Anne Hardy, Vice President Developer Experience, SAP Labs, Palo Alto, CA
"Yuecel, who used to report to me, went through the program. He was a technical expert, and the MBA elevated him to another level. I began to see him as a community leader. He started several initiatives on his own including the creation of a collaborative, online leadership forum that now has over 200 employee members and is benefiting the company as a whole."
Learning How to Lead
"This class provides me with the fundamental concepts to a better understanding of leadership…I have been put into leadership positions, but never actually been taught how to lead. I now look at myself and better understand why I do the things that I do. This class spans each term and I look forward to each session as I try to improve myself. This is why I chose Duke over other leading programs."
Todd Watterson '12
VP Global Sales & Business Operations
At Fuqua, we distinguish leadership from management, but both are important for global executives. Leadership depends on persuasion and inspiration, while management depends on systems and rewards. Leadership is about asking the right questions, not having all the right answers. We'll help you to think about how to do that, and you'll leave with a "leadership lens" through which to see future challenges.
The purpose of the Leadership for the Global Executive course is to provide opportunities for reflection, debate, and practice so you can hone your leadership skills. You'll explore your own style, strengths, and weaknesses, as well as more general principles of effective leadership. The course also serves as a forum and focus for your development as an executive (and a person), building skills that will make you more effective in your professional life.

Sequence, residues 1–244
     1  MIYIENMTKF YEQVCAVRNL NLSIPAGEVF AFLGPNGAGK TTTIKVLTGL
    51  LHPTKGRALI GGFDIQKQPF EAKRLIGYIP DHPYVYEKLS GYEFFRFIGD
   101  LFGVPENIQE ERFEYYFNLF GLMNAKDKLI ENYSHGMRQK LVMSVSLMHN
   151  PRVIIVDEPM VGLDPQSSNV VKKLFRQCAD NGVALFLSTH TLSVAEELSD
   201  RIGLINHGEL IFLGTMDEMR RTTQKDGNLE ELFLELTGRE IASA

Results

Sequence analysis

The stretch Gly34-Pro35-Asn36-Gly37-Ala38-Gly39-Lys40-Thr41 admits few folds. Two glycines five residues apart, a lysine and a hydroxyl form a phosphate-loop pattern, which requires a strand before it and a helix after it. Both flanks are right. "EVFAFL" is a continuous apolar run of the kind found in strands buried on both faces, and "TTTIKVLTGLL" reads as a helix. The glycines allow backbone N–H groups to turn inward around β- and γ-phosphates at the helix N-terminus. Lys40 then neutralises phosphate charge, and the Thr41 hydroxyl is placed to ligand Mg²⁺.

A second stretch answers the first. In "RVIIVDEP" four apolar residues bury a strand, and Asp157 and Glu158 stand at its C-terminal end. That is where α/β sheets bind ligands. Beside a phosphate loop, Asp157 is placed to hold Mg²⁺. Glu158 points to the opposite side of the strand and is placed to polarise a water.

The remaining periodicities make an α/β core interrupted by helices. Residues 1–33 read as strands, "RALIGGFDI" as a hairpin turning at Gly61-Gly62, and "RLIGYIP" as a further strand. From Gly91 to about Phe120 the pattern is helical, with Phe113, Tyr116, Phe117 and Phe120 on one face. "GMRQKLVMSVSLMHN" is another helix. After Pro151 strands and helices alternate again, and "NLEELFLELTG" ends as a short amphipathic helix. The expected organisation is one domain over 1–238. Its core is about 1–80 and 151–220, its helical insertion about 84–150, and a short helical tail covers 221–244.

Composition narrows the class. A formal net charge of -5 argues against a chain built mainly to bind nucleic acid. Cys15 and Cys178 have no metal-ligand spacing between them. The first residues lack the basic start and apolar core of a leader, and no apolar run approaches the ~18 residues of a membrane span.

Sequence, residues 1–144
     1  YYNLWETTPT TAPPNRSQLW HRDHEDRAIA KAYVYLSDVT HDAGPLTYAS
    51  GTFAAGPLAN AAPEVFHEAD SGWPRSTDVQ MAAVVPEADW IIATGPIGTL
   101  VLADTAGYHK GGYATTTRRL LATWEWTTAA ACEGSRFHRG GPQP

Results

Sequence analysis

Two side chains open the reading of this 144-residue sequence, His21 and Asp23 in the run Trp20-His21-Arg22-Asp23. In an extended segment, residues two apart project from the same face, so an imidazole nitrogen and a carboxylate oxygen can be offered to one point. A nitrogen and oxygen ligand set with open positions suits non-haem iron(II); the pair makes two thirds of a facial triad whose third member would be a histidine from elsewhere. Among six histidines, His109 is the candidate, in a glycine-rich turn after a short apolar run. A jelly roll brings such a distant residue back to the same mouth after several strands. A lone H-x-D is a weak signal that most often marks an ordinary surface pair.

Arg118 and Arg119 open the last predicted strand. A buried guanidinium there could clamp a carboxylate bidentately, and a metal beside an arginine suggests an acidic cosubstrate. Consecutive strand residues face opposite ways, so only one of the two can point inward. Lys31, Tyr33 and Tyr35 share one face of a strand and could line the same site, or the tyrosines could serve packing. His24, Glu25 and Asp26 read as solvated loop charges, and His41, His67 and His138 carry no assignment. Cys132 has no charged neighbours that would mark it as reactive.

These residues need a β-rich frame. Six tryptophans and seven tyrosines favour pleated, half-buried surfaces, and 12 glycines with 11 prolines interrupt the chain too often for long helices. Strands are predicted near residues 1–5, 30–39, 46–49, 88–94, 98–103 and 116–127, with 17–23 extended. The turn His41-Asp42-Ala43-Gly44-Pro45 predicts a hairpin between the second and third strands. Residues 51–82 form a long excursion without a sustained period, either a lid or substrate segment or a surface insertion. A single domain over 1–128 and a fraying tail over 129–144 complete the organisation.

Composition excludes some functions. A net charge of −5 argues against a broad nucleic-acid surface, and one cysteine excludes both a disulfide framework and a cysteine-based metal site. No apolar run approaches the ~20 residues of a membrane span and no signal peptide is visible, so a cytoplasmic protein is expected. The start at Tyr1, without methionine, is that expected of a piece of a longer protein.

During each term of this multi-term course, you will focus on a different domain, or aspect, of leadership according to The Six Domains of Leadership model developed by Fuqua professors Allan Lind and Sim Sitkin:
Six Domains of Leadership
Leadership Takes Many Forms
In organizations, leadership exists within both formal hierarchy and informal culture. It's more than a position or title—it involves a personal relationship, and it's a key element of successful coordinated action. Leadership doesn't just happen downward—you can lead up and you can lead sideways regardless of your position in your company's hierarchy. You may lead within a team, with your peers, or even with clients and investors. Global business leaders must be savvy and technically competent, but collaborative work also requires leadership.
Like any skill set, leadership can be improved. Taught by Professor Allan Lind, you will be given tools to help you improve your leadership skills. With class assignments including a personal development plan, reflection journals, and an organizational change initiative, you will focus on improving your leadership skills to have a greater impact within your organization.
Below are the key components of the course: